1. Field of the Invention
The current invention relates generally to methods for measuring electrical properties of anatomic organs, and more particularly to measuring and plotting the electrical properties of the endocardium using a multi-electrode catheter as probe and fluorography to identify position.
2. Background of the Invention
Catheter-based radio frequency (RF) ablative techniques have become the treatment of choice for curing many types of supraventricular tachycardia (SVT) in both children and adults. To perform a successful ablation, two issues must be addressed: the location of a vulnerable site must be identified by mapping the arrhythmia, and energy must be safely delivered to that site.
The arrhythmias which have been most amenable to RF ablation have been those types of SVT in which the appropriate Site for energy delivery is known and anatomically constant (e.g., AV node reentrant tachycardia), and those in which the accessory fiber mediating the SVT is known to traverse one of the two atrioventricular grooves. For these rhythms, the potentially complicated process of mapping electrical activation patterns in the heart can be reduced to identifying either an anatomic location, or a single point known to be located on the AV groove.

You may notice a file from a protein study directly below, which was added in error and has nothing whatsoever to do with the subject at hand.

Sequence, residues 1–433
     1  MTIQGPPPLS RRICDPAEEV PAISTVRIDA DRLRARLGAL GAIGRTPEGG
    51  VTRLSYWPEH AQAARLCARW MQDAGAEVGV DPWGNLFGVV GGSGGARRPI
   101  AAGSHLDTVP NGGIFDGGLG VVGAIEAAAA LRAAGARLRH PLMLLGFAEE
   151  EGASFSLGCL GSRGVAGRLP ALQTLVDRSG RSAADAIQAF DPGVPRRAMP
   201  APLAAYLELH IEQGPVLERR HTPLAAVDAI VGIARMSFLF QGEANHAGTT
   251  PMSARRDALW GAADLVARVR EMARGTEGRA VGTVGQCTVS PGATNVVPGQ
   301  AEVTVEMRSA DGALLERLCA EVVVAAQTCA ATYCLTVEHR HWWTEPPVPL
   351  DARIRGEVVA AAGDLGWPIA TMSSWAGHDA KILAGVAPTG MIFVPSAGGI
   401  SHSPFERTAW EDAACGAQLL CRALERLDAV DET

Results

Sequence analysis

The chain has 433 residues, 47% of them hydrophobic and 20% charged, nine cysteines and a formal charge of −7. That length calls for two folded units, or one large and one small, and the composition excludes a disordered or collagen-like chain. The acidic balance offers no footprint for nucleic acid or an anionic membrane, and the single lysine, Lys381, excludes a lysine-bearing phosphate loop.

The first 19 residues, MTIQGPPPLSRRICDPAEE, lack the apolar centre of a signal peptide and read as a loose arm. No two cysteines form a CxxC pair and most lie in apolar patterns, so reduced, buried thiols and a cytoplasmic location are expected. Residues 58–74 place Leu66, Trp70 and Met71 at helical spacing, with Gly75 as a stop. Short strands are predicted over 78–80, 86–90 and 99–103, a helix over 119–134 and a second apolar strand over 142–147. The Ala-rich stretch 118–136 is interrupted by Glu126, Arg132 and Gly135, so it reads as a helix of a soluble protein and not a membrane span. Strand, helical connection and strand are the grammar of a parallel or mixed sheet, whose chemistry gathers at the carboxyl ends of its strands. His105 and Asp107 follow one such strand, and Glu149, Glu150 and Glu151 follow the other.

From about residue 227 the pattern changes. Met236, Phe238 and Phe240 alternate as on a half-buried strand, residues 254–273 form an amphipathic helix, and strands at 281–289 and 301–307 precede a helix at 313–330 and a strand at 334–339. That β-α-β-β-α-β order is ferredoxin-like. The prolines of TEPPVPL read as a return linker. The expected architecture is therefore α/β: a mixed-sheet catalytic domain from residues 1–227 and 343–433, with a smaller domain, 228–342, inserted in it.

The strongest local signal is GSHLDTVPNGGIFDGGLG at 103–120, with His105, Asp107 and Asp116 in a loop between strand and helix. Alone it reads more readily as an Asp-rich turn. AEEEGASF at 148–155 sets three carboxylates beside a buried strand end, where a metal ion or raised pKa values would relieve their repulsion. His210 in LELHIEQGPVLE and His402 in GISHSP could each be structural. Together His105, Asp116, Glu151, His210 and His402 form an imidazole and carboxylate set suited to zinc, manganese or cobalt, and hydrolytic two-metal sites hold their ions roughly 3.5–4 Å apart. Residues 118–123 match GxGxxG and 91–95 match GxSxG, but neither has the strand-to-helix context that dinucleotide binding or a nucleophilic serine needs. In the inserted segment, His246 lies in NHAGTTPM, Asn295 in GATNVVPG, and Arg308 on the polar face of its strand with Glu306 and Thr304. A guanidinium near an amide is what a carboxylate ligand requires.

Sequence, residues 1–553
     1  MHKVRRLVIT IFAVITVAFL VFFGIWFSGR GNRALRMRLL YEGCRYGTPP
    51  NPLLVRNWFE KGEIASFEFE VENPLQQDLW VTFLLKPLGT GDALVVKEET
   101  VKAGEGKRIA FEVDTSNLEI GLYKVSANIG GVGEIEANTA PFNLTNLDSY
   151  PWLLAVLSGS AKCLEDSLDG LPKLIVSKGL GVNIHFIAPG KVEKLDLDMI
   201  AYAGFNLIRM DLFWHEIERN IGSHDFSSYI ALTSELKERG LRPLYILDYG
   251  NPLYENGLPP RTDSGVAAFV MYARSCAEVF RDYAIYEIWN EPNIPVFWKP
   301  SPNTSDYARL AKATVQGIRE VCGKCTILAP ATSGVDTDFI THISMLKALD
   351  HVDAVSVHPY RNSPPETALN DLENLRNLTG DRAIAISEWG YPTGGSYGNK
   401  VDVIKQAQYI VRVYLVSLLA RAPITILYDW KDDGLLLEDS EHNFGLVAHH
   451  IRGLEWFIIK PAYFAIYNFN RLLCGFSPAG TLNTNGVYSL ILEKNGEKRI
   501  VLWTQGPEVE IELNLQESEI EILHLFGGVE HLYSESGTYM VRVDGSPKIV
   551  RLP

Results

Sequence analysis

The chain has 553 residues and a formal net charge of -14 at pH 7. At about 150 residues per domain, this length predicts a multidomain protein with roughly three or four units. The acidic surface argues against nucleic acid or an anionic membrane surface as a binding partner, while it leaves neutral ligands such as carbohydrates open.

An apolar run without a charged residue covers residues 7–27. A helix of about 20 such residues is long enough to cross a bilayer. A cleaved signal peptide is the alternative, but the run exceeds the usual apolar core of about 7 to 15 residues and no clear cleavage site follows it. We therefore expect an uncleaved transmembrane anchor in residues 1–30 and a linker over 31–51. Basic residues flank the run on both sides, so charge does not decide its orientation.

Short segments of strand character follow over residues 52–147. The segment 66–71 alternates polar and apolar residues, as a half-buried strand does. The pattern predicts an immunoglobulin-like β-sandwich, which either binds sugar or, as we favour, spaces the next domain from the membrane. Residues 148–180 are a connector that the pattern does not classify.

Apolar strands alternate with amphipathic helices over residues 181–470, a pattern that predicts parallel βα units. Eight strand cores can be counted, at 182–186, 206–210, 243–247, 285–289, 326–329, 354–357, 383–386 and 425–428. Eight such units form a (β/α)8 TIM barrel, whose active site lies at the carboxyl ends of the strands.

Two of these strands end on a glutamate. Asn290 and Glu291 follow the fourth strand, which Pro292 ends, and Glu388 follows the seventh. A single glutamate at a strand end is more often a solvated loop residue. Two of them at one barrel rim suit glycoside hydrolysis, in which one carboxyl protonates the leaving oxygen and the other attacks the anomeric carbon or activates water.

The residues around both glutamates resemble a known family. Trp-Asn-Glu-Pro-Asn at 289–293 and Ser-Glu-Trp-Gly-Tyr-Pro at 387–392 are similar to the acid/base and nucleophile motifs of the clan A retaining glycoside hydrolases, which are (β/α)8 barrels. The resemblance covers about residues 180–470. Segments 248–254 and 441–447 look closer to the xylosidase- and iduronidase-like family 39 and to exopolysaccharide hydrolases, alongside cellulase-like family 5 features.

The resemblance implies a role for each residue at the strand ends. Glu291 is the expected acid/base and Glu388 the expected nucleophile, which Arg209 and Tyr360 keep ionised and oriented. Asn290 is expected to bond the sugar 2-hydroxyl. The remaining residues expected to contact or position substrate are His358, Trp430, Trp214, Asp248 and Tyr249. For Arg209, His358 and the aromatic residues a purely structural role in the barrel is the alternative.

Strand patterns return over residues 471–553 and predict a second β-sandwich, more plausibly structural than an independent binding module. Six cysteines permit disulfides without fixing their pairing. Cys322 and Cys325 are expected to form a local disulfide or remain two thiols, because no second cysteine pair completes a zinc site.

Unfortunately, a large group of patients, often with severe underlying cardiovascular disease, suffer from other, more intractable atrial or ventricular reentrant arrhythmias in which the vulnerable sites for ablation are not constrained in any simple manner by known cardiac anatomy. Although extensive experimental studies have demonstrated the reentrant pathways critical to such arrythmias, we are as yet unable to map these rhythms clinically in an easy, effective and reproducible manner. This is reflected in much the lower success rates for treatment of these rhythms using RF ablation.
As mentioned, there exists considerable experience in the construction of high density activation sequence maps of the atria and the ventricle in experimental applications, dating back almost 100 years. This generally involves surgical exposure of the endocardial and/or epicardial surface of the chamber to be mapped, and placement of an electrode grid of known geometry to record electrical activation. Although the nature of the techniques used to construct these maps is inherently complex and invasive, it has been possible to apply them intraoperatively to assist in the successful surgical resection of foci of ventricular tachycardia.